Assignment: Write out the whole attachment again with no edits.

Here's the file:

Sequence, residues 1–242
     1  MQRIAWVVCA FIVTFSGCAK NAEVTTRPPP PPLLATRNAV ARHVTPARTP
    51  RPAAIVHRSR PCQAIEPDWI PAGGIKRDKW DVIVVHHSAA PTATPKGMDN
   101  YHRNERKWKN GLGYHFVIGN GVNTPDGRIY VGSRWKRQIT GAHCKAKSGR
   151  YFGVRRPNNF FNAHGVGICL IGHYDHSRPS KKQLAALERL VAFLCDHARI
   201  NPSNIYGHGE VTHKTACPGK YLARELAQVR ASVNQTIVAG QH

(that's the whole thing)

Sequence, residues 1–242
     1  MQRIAWVVCA FIVTFSGCAK NAEVTTRPPP PPLLATRNAV ARHVTPARTP
    51  RPAAIVHRSR PCQAIEPDWI PAGGIKRDKW DVIVVHHSAA PTATPKGMDN
   101  YHRNERKWKN GLGYHFVIGN GVNTPDGRIY VGSRWKRQIT GAHCKAKSGR
   151  YFGVRRPNNF FNAHGVGICL IGHYDHSRPS KKQLAALERL VAFLCDHARI
   201  NPSNIYGHGE VTHKTACPGK YLARELAQVR ASVNQTIVAG QH